Environmental flows describe the hydrological properties of water flows including the quality, quantity, timing, and amount necessary to maintain estuarine ecosystem functions (Montagna et al. 2013). Healthy estuarine systems carry out functions and processes that result in biomass. Proper water allocation upstream using different management strategies increases the chance an estuarine system will continue to function properly and benefit humans.
Management strategies geared at maintaining an estuarine system try to establish environmental flows for that system. The environmental flows proposed for an estuarine system can mimic natural flow patterns or use other parameters such as estimates of the minimum flows required by that system (TCEQ 2009).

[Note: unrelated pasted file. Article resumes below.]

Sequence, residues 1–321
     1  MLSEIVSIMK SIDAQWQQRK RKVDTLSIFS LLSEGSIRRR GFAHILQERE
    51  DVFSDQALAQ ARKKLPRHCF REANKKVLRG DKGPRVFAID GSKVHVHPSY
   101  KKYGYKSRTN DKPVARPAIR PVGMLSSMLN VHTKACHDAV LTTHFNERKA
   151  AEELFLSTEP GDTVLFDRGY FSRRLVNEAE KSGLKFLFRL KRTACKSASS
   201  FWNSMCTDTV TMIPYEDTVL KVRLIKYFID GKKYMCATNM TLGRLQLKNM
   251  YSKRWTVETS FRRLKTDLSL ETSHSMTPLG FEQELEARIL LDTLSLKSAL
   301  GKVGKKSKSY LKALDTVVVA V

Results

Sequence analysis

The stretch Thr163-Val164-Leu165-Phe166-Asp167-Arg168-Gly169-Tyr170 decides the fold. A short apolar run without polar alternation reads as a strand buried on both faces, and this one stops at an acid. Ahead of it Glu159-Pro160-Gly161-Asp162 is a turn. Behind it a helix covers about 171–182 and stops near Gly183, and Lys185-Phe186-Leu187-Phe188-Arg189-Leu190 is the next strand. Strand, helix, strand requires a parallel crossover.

Anthropogenic and climatic influences can alter the historic flows of streams and rivers. Dams, diversions, and droughts are examples of influences that may change the inflows received by an estuary. Creating environmental flow schedules and limits through management strategies help restore and conserve estuarine systems.